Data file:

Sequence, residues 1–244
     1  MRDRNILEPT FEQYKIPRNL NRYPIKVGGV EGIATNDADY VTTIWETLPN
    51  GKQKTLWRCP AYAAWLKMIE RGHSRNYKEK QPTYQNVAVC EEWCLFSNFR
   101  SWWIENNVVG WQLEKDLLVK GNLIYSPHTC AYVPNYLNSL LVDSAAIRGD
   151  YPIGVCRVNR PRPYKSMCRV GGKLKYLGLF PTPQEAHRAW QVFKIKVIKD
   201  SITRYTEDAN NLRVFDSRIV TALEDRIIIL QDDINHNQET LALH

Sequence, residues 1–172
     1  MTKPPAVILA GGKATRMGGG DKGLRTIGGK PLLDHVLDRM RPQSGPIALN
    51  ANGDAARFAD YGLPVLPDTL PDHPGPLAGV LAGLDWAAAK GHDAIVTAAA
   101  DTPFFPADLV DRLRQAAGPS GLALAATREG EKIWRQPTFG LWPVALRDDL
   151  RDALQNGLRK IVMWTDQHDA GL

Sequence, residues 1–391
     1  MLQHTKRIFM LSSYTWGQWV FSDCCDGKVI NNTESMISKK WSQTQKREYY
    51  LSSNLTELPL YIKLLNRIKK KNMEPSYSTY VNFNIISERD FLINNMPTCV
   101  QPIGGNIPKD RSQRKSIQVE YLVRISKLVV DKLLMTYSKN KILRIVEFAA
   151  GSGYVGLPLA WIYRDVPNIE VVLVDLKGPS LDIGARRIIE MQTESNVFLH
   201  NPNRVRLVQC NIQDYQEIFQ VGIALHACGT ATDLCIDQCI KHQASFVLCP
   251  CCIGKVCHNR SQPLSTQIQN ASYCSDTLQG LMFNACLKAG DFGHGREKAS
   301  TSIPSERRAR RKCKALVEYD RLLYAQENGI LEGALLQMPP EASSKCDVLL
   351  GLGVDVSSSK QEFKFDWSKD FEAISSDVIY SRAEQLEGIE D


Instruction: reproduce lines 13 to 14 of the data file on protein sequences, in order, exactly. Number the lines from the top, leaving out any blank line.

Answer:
     1  MLQHTKRIFM LSSYTWGQWV FSDCCDGKVI NNTESMISKK WSQTQKREYY
    51  LSSNLTELPL YIKLLNRIKK KNMEPSYSTY VNFNIISERD FLINNMPTCV